As a question: “Is Kerbal Space Program more educational than Team Fortress?”
As an exploration: “Educational outcomes of kids who play Kerbal Space Program”
As a statement: “Kids gaming: the benefits for parents”
As an investigation: ”Steam now: which games are kids are playing most?”
As a hypothesis: “If kids game they will get better grades”
As a thesis: “Kids learn more from gaming than from their teachers”

The title is important...
Your paper is competing with many others for attention. No one really knows how many academic journal articles there are, but some estimate there are more than 50 million.
According to Duncan Hull this is:
One paper for every base-pair in human chromosome Y
One paper per tweet at twitter on an average day in 2010
One paper for each year that modern mammals have been roaming the earth
One paper per resident of England (more than 2 for every Australian)

Most academic papers are never cited.
A significant number are never downloaded more than twice.

And Google is changing everything in academia too...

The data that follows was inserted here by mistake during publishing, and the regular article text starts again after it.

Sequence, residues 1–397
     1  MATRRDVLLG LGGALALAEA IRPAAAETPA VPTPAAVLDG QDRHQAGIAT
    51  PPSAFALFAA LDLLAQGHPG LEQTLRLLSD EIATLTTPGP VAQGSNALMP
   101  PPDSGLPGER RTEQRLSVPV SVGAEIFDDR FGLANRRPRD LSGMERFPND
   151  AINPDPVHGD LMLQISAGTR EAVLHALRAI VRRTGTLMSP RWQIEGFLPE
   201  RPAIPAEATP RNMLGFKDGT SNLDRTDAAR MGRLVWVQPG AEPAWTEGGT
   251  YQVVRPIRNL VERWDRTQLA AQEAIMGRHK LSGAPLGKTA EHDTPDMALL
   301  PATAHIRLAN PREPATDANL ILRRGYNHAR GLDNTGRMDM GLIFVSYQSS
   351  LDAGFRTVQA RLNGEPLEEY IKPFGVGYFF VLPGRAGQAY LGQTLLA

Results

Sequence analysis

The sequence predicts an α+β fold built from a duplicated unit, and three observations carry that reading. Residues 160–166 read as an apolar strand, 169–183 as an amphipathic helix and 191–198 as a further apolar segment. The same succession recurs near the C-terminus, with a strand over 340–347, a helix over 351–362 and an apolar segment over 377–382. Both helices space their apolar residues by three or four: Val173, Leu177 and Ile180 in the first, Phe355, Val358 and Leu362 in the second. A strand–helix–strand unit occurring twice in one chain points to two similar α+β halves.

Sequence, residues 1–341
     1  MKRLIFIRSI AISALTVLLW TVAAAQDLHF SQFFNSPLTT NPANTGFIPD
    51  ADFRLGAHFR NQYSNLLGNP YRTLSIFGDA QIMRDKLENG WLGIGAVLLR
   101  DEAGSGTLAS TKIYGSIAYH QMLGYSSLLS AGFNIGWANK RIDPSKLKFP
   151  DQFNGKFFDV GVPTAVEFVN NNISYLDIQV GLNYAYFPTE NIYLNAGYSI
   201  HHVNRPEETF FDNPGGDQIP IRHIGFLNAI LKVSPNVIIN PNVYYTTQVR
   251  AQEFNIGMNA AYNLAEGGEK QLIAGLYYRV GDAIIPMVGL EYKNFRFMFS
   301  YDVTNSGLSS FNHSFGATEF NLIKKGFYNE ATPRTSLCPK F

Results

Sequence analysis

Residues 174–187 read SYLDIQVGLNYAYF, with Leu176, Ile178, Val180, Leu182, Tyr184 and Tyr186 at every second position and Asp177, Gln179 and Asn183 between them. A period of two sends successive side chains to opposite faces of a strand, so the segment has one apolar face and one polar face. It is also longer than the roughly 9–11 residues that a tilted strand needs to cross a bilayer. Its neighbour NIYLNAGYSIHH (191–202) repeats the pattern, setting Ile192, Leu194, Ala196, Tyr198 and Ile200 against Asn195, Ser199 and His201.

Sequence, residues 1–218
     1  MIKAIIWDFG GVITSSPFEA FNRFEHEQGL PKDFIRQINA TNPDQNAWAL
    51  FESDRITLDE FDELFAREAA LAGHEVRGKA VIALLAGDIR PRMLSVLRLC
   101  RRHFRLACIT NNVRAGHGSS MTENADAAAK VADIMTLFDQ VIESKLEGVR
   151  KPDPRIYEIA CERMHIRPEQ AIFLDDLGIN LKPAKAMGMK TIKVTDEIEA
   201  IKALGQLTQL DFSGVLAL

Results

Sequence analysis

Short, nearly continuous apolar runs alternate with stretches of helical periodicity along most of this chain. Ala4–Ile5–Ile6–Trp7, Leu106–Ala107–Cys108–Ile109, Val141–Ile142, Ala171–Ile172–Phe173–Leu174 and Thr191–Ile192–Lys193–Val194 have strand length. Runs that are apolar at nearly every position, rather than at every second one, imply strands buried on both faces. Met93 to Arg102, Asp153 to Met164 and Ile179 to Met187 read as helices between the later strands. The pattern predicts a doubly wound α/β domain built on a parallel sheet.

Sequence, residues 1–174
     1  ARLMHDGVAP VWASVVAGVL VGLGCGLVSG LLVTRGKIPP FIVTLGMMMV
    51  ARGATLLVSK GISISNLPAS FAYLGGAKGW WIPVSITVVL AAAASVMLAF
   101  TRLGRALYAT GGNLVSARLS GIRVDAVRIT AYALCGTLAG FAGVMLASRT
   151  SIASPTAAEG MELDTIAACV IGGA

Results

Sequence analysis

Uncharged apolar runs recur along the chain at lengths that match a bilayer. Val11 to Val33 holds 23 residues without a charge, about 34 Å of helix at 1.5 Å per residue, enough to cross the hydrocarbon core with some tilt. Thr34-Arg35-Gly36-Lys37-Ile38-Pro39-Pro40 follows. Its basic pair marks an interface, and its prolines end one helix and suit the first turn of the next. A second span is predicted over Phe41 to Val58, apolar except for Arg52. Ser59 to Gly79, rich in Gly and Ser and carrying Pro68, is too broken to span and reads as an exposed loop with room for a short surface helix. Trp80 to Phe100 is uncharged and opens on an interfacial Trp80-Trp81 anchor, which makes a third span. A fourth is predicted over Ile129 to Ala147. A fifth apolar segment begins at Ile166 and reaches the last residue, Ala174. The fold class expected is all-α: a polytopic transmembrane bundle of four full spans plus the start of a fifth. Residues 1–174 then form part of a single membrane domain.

“... not only does Google Scholar have a known effect on discovery and citation of articles, it could have an unknown effect on the writing by authors since articles are increasingly ranked and evaluated on their titles and abstracts first.”
Max Kenman “Standing on the shoulders of the Google

The 12 types of title (Hartley, 2007)
Announcing the general subject (“The effect of playing Kerbal Space Program on teenager’s grade point average”)
A specific theme following a general heading (“Teenage gamers: the relation between hours spent gaming and grades at school”)
Indicates a controlling question (“Is gaming a waste of time?”)
Indicates an answer will be revealed (“Playing computer games increases teenagers’ grade point average”)
Indicates the position the author will take (“Gaming is good for teenagers’ mental health”)
Indicates the methodology used (“Teenage gaming: a survey of the literature”)
Suggests guidelines or comparisons (“19 ways that playing computer games boost teenager grade point averages”)